Entertainment’s ultrasuccessful release of "Black
Panther" and the CW’s recent launch of
"Black Lightning" have put a spotlight on
black superheroes, and their success illustrates how
popular they are and that audiences outside of the
African American community celebrate them.
newfound interest in these characters may spur some to
look into black comics and black creators; luckily, the
"Encyclopedia of Black Comics," came out just
last year. Edited by Sheena Howard, who has a doctorate
in rhetorical and intercultural communication from
Howard University, the book is a collection of essays
written about influential black writers, illustrators,
inkers and creators of black comic books and comic
think that’s a really important distinction because a
lot of fans today are into the superheroes and the comic
book superheroes in the movies, but my interest is in
the history of comics," says Howard.
are numerous entries about the comic book creators who
helped shape the Black Panther, including Reginald
Hudlin and Christopher Priest. Howard, an associate
professor of communications at Rider University, became
the first black woman to win an Eisner Award, the
equivalent of an Oscar or Pulitzer in the comic book
world, with her book "Black Comics: Politics of
Race and Representation."
any encyclopedia, though, one of the first things people
tend to do is point out what’s not in the compilation.
Dwayne McDuffie, probably the most influential African
American figure in comics and cartoons over the past few
decades, was not included in the book. He died in 2011,
but it’s a notable omission, and there are a few
others: William Wilson, the first black independent
publisher to list digital comics on iTunes, Percy Carey,
the rapper MF Grimm, who was the first black Eisner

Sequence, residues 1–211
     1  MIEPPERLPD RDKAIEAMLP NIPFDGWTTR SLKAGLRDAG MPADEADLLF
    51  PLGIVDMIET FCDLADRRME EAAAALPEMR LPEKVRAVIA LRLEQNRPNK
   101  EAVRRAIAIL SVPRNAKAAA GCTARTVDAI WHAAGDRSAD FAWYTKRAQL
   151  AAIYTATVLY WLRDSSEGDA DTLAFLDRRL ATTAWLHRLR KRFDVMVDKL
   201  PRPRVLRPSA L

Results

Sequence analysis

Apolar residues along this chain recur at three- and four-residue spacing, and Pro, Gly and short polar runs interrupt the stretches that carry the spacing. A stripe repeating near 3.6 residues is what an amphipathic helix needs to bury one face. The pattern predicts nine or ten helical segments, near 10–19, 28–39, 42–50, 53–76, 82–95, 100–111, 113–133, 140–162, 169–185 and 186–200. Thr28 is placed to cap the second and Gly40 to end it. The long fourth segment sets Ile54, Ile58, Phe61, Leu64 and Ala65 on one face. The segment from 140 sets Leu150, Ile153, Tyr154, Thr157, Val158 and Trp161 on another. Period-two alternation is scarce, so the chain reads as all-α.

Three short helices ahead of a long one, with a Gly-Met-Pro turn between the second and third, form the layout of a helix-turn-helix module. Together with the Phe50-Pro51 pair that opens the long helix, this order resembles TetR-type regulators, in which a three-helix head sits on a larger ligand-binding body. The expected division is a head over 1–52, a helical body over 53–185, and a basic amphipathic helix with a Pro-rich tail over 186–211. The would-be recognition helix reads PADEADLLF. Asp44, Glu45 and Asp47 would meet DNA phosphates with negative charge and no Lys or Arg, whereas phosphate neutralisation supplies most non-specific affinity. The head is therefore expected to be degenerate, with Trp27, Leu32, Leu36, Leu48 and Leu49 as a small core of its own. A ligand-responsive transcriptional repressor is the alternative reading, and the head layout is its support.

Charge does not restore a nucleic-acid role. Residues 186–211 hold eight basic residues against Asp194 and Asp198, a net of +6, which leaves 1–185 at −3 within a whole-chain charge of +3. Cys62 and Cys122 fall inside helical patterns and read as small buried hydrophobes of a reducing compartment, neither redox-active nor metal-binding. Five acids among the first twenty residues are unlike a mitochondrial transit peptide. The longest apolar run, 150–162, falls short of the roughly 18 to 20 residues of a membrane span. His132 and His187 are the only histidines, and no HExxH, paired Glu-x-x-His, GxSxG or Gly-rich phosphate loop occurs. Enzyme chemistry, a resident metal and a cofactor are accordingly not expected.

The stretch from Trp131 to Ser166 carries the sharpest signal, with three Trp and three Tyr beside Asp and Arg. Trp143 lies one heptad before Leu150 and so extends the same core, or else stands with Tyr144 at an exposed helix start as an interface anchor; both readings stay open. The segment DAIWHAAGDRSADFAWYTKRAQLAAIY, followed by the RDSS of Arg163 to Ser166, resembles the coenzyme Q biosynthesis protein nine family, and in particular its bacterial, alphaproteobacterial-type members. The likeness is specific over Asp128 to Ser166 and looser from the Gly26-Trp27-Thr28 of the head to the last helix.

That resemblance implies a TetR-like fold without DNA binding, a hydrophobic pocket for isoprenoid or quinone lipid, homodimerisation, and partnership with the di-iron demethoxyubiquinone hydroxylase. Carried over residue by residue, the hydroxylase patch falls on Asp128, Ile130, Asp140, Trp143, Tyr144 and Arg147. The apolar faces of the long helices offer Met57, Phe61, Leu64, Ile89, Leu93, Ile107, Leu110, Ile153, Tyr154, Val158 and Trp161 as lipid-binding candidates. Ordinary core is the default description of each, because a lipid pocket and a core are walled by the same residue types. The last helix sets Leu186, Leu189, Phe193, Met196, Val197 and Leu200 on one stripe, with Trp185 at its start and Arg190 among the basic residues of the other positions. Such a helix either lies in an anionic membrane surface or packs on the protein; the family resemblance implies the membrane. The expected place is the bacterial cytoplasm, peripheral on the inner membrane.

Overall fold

nominee, and Michael Davis — who could claim a place
in the book.
and oversights from volume 1 mean Howard has begun
taking names for a second volume. As "Black
Panther" mania continues, a more comprehensive look
at black comics and comic strip creators is warranted,
and this encyclopedia is a start. .
was a huge undertaking that resulted in over 100
entries. Howard answered some questions about the
genesis of the book and what she learned in creating it.
How did this all start?
So I really liked "The Boondocks" [comic
strip] and I started reading it in 2007, when I was at
Howard University. I was 23 when I started my PhD and I
finished at 26, so I was still young and didn’t have a
goal in terms of what I wanted to study at Howard. I
thought about "The Boondocks" as something I
could write about and something I enjoyed. I really
thought that it was a cultural icon for some of the
things that it had accomplished. This is the comic
strip, not the television show.
You didn’t particularly care for the television show?
No, I didn’t. I thought it played too much on ‘isms’
and phobias, and it wasn’t as clever or as politically
savvy as the comic strips. It makes sense because Aaron